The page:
Like humans, a true Artificial General Intelligence (AGI) would generalise to all sorts of environments by adapting to the task at hand. Despite the success of RL algorithms at many tasks (Abbeel et al., 2010; Mnih et al., 2013; Silver et al., 2016; Chua et al., 2018), we are still far away from AGI. RL algorithms can solve many tasks such as the game of Go, video game playing in Atari, and locomotion in Mujoco, but when faced with a completely new environment, they can’t really adapt like humans do. We need to understand the environments and their interactions with RL algorithms better if we are to progress to more intelligent algorithms.
RL algorithms usually assume the environment to be an MDP (or POMDP) and update their agents based on reward received at every timestep. The reward is assumed to be for the current state and action111Even algorithms which use techniques like eligibility traces are based on frequency and recency of occurrence of states and actions which can help us identify “correlationary” causes but not necessarily the true ones., an assumption that may not hold true in real life.222This depends on the state formulation in general. But assuming an infinitely differentiable world and dynamics of arbitrary order, we would need an infinite “stack” of the current “state” and its higher order derivatives to be able to predict the next state based on the current one and thus have Markovianness. In this work, we attempt to identify some key meta-features of environments which may help agents deal with violations of Markovianness and we provide a platform with different instantiations of these meta-features in order to understand the workings of different RL algorithms better. The platform is implemented as a Python package, !MDP Playground that allows us complete control over these meta-features to be able to benchmark RL algorithms.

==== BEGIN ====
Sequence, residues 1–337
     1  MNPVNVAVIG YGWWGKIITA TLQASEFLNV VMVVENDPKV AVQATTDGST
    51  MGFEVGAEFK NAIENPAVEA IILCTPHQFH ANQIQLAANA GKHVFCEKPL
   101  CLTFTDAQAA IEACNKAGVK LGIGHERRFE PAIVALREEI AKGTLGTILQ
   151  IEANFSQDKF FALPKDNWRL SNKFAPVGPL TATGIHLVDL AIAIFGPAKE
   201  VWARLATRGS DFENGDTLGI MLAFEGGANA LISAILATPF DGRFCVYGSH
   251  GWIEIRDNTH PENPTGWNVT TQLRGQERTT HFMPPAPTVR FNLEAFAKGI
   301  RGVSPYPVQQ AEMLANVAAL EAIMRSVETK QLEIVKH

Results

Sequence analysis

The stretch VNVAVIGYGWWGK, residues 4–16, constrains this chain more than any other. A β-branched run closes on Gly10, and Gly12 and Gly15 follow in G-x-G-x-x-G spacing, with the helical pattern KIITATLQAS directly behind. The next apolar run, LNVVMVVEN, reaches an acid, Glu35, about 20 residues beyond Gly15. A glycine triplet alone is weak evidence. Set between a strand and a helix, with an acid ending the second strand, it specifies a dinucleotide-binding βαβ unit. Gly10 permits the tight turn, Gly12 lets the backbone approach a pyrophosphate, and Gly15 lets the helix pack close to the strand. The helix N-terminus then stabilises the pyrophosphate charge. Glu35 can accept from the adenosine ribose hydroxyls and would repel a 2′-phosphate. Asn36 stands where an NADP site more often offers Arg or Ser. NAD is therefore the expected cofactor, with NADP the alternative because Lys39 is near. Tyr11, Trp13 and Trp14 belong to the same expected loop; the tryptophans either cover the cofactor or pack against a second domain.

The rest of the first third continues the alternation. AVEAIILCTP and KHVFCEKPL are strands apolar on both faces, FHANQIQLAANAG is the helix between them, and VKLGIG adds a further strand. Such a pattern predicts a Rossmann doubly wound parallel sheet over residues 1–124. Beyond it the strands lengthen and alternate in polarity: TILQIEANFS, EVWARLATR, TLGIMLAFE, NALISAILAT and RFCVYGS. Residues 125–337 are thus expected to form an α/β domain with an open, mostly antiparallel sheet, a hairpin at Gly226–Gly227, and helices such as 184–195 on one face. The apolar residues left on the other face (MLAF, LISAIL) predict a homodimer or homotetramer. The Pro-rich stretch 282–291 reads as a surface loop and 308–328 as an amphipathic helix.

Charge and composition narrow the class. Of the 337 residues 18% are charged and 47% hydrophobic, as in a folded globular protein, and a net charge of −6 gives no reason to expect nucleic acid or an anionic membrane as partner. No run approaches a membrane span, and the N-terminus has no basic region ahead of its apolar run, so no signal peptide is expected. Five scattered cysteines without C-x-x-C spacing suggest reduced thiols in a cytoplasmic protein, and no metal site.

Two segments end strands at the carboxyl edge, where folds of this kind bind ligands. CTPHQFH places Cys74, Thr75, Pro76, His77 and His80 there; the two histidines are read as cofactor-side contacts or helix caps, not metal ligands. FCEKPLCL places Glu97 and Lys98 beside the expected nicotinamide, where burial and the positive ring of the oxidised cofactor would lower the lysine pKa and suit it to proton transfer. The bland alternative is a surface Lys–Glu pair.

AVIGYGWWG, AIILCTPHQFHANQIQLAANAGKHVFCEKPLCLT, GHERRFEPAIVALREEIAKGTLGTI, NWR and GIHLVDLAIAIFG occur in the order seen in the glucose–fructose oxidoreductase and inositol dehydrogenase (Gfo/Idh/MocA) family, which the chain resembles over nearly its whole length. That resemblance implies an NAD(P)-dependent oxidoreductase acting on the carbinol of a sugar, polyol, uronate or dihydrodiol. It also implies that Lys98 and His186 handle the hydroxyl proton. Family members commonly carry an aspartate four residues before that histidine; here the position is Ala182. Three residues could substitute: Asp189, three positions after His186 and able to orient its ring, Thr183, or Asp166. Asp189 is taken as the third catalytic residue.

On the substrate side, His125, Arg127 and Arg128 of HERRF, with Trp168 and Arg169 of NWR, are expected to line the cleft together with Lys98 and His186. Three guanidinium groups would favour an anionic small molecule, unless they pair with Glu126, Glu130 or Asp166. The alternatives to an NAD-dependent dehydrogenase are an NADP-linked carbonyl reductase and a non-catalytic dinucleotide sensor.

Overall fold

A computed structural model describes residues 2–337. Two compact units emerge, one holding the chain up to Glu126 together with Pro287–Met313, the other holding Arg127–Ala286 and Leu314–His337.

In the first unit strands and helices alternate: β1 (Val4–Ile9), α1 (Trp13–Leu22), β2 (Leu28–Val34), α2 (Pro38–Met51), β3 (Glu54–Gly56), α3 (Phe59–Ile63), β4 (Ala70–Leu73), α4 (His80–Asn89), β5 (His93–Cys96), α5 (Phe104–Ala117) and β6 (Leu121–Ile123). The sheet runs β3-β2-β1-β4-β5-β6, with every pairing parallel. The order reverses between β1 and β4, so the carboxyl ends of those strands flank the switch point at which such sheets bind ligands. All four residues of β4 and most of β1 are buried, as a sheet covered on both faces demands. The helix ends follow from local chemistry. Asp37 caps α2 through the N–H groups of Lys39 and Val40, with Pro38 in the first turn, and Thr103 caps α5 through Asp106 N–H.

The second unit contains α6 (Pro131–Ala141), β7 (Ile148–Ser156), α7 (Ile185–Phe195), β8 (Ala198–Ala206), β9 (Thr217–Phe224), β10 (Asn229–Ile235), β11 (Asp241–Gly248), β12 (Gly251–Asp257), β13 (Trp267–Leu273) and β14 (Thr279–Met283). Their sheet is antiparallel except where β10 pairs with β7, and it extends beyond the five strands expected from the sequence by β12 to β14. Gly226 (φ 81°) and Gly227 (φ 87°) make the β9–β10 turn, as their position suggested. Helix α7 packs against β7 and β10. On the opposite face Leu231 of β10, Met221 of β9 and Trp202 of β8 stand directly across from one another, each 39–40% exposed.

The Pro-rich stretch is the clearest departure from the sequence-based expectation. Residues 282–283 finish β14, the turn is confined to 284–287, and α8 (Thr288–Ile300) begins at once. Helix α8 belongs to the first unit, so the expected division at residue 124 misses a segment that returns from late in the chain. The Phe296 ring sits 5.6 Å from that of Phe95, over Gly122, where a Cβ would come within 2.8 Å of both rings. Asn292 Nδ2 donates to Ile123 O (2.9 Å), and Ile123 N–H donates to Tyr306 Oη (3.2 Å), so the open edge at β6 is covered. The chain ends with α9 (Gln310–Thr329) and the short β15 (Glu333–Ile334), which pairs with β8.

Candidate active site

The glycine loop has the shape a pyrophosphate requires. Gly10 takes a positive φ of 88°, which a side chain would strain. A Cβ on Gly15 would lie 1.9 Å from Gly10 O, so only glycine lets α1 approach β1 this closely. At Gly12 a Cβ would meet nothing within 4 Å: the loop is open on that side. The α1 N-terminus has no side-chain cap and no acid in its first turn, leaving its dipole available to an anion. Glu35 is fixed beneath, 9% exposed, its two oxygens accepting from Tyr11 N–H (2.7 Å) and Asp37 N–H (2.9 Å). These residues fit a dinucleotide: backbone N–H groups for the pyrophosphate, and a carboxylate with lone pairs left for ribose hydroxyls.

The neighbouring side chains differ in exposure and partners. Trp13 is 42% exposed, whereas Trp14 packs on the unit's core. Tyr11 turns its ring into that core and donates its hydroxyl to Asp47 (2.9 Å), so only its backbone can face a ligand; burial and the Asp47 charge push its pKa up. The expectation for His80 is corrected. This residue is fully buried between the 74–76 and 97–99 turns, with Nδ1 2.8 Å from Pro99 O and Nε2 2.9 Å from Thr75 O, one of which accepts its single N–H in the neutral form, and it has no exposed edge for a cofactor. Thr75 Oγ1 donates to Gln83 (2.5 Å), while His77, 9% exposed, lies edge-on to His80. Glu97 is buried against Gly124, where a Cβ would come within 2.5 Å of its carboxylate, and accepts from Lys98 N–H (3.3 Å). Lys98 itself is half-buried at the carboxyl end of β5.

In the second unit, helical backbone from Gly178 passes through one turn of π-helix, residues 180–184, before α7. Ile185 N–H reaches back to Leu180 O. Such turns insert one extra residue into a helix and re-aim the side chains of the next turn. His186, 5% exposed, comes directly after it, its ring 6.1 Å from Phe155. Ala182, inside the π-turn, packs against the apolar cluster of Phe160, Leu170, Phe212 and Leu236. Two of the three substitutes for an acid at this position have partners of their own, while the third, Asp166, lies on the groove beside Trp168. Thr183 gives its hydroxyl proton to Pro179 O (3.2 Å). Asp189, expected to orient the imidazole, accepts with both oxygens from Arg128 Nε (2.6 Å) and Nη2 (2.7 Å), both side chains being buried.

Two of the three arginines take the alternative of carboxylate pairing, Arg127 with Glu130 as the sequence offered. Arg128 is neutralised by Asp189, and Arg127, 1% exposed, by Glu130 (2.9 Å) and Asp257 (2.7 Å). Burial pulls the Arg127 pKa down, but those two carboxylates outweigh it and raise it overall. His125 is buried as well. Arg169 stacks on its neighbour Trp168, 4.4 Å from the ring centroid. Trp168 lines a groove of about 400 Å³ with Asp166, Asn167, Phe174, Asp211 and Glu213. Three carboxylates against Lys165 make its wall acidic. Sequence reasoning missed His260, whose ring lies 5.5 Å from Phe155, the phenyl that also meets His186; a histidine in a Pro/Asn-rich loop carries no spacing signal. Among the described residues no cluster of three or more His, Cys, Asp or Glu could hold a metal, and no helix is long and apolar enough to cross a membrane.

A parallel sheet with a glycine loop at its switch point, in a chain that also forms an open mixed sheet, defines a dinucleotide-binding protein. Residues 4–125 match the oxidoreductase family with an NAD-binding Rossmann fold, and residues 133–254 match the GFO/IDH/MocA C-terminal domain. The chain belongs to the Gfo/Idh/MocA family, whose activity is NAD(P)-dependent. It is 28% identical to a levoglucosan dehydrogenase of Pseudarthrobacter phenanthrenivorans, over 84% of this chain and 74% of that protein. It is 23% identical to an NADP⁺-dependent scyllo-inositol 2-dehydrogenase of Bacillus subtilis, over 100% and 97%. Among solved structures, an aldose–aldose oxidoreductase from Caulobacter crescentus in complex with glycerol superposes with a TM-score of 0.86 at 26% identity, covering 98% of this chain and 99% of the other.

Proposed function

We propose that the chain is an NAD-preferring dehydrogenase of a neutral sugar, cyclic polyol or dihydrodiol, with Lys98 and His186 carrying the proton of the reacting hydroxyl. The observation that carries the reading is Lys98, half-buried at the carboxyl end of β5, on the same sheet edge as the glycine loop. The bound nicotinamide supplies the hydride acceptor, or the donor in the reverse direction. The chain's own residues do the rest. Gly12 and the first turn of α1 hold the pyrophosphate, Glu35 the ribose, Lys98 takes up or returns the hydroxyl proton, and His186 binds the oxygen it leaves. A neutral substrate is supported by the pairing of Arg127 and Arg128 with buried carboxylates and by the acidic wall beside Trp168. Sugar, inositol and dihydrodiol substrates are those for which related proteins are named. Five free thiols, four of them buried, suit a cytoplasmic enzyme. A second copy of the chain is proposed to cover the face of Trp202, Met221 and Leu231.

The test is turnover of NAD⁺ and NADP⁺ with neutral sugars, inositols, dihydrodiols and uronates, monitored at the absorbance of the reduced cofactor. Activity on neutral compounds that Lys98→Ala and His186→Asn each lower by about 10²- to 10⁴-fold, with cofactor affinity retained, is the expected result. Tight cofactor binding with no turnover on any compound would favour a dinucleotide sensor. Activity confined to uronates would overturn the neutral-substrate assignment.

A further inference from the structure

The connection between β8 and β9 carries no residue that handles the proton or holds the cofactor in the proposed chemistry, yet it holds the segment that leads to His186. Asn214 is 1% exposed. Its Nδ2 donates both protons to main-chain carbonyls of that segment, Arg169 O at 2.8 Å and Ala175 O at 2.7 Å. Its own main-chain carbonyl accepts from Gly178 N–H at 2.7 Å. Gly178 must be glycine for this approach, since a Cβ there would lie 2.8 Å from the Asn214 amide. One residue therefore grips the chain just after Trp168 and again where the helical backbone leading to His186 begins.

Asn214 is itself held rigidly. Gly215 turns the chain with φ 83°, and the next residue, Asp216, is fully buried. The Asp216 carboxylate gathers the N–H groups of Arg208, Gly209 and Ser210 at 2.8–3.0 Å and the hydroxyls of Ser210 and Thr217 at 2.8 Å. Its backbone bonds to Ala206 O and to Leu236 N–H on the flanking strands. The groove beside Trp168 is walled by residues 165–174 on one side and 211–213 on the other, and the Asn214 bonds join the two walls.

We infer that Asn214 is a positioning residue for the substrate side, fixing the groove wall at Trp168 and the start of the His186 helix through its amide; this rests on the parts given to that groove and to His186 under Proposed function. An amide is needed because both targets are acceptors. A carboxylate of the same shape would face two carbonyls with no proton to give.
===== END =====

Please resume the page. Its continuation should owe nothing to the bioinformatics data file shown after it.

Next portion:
Usual environments that RL algorithms are tested on also tend to take a long time to run. As a remedy, our platform is meant to be a low cost proxy for identifying how RL algorithms would work on real world problems.
2 Key Meta-Features
We first define an MDP and then explain the key meta-features we identified and how varying them in an environment violates MDP assumptions.
2.1 MDPs and Assumptions
We define an MDP as a 6-tuple , where is the set of states, is the set of actions, is the transitions dynamics, is the reward dynamics, is the initial state distribution, and is the set of terminal states.
In RL algorithms, such as TD learning (Sutton and Barto, 2018), we make the usual MDP assumptions like receiving immediate reward depending on only the previous state and action. However, in general, this is not true for even many simple environments, such as a slot machine, where depending on the discretisation of the time step, the reward may not be immediate.
Algorithms like DQN (Mnih et al., 2013) were applied to many varied environments and produce very variable performance across these. In some simple environments, DQN’s performance exceeds human performance by large amounts, but in other environments, such as Montezuma’s revenge, performance is very poor. For such environments, we need a very specific sequence of actions to get a reward. In general, environments where MDP assumptions hold to a greater extent are environments where algorithms which model the environment as an MDP will tend to work better.